What breed is your best winter layer?

Discussion in 'Chicken Behaviors and Egglaying' started by Lady of McCamley, Oct 18, 2013.

  1. Lady of McCamley

    Lady of McCamley Crowing

    Mar 19, 2011
    NW Oregon
    I am looking for a really good winter layer breed. I can (and have) read the books...but I want to know what your experience is.

    What in your opinion is a good overall winter layer (I am taking into consideration that birds differ under differing circumstances and farm care)

    I live in the grey Northwest, so we don't get a lot of light during the winter...just days and days of grey drizzle. Good news, we don't get a lot of frigid weather either so I'm not worried about frozen combs.

    Having burned a coop down (and nearly the house too) with electrical lighting in the coop (something about a lamp, heat, straw, dust, and a couple of flighty birds with electricity), I do not light my coops any more (please don't post to tell me how I should or could add lighting...I have and several friends have burned coops to the ground and none of us were careless.)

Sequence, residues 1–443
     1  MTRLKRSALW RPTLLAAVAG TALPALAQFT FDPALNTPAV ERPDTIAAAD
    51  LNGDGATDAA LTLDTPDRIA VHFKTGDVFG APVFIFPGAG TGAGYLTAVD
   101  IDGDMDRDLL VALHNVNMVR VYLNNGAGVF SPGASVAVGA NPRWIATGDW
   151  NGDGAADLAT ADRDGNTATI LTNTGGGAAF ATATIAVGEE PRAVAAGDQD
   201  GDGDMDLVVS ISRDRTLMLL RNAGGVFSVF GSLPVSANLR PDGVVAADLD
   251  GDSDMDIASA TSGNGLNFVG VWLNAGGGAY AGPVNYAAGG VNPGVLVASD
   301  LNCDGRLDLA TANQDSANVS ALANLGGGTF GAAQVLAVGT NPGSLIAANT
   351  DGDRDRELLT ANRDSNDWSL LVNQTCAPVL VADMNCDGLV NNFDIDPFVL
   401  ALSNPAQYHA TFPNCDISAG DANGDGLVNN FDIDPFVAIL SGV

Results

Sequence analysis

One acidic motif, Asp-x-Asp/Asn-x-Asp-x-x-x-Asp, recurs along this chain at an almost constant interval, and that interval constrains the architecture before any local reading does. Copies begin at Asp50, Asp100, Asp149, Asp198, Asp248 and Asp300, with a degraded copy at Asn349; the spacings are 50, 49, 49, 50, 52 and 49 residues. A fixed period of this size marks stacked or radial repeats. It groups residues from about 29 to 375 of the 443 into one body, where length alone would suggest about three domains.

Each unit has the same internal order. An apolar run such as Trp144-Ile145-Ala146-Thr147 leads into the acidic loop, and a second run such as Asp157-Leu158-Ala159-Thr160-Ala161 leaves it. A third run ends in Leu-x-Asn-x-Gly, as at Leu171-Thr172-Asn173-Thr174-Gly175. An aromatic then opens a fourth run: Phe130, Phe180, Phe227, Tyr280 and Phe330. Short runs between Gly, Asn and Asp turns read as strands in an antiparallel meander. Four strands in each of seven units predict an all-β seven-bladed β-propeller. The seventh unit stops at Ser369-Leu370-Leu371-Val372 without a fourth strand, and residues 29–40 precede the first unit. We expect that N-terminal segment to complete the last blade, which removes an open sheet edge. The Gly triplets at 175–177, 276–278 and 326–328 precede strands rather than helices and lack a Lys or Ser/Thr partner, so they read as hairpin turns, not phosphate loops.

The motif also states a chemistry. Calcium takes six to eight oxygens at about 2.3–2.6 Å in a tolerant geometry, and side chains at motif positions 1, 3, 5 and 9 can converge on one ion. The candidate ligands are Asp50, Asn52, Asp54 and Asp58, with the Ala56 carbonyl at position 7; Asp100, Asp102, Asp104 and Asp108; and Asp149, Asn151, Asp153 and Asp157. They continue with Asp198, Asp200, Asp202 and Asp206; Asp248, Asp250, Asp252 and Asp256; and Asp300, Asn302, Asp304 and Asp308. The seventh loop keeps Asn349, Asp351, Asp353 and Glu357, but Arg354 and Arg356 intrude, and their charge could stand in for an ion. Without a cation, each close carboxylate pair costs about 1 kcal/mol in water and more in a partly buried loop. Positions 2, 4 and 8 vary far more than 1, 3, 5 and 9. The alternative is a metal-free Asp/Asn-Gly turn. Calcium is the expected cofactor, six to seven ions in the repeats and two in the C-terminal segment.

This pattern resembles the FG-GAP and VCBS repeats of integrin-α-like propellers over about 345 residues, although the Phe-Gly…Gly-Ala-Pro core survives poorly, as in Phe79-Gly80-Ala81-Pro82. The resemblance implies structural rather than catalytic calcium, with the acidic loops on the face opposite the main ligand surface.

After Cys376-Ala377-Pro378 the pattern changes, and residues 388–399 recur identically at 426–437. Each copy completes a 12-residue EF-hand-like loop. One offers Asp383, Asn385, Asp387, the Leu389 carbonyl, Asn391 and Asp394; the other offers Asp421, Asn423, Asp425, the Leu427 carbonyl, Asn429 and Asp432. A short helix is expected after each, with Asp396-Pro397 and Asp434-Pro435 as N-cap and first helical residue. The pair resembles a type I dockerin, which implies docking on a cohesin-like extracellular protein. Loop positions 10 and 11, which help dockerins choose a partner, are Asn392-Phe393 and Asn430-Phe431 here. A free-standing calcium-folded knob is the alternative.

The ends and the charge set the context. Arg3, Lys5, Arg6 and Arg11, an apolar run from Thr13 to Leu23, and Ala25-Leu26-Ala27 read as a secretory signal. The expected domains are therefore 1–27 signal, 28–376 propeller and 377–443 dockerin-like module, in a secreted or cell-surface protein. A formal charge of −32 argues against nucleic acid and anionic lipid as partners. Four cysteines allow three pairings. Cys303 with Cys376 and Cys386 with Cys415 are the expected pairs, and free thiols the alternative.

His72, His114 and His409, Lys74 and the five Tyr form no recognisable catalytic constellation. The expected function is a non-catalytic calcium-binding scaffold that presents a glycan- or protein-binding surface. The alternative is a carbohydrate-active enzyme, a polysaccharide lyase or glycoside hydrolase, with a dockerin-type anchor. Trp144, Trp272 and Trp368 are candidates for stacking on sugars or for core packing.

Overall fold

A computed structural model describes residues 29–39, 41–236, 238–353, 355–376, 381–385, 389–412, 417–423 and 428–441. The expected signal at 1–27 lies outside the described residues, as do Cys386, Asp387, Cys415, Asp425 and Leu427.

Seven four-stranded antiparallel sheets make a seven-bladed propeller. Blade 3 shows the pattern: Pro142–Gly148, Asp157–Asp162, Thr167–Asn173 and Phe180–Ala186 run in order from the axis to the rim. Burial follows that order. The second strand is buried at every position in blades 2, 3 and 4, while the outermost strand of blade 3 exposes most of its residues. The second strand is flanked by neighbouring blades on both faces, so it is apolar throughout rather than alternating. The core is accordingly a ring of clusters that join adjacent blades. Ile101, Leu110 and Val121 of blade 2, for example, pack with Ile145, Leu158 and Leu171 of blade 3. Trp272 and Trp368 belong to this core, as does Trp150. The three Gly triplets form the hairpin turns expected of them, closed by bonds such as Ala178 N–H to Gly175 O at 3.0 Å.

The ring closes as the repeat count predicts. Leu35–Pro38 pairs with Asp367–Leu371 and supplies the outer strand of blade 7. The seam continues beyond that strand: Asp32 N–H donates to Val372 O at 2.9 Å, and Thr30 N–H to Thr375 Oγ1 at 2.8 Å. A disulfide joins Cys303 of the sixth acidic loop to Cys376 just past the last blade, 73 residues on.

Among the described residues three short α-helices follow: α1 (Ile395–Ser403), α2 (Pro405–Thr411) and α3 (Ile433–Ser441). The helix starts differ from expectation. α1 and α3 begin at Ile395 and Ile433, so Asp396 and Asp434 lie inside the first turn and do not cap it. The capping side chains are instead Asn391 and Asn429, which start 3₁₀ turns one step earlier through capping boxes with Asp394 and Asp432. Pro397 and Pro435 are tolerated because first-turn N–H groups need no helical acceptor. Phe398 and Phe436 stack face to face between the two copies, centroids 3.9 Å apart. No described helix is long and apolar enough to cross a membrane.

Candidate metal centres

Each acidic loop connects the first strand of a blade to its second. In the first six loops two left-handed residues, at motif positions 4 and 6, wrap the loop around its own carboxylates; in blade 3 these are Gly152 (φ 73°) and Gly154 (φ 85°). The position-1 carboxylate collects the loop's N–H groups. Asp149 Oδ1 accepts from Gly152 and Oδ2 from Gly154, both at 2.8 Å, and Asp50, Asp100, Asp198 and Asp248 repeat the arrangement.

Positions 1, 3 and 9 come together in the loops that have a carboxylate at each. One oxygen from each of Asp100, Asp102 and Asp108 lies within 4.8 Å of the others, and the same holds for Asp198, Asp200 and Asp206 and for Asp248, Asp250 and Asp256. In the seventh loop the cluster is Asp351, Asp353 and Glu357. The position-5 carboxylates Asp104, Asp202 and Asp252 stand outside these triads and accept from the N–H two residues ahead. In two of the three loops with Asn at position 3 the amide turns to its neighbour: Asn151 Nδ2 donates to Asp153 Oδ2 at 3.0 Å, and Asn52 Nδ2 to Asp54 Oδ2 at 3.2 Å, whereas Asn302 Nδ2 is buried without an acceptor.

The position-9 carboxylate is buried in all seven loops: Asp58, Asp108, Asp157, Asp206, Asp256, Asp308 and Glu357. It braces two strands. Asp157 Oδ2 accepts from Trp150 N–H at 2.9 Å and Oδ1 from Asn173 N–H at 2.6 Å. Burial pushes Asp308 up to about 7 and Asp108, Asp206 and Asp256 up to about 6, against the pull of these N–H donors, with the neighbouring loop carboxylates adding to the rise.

So I am on the lookout for good winter layers that lay naturally well in the shorter daylight hours without artificial lighting.

    Thanks for your input and thoughts.
    Lady of McCamley
    Last edited: Oct 18, 2013
  2. Fancychooklady

    Fancychooklady Crowing

    Jun 14, 2012
    Tasmania. Australia
    My Wyandotte lay all through winter.
  3. Egghead_Jr

    Egghead_Jr Crowing

    Oct 16, 2010
    NEK, VT
    I like my Plymouth Rocks. The key to more winter eggs if not using light is to rotate half your flock each year to pullets. They wont moult and your taking advantage of their first 4 months of stellar laying during early winter.
  4. CascadiaRiver

    CascadiaRiver Songster

    Dec 12, 2014
    Pacific Northwest
    Chantecler hens are known well for thier winter laying

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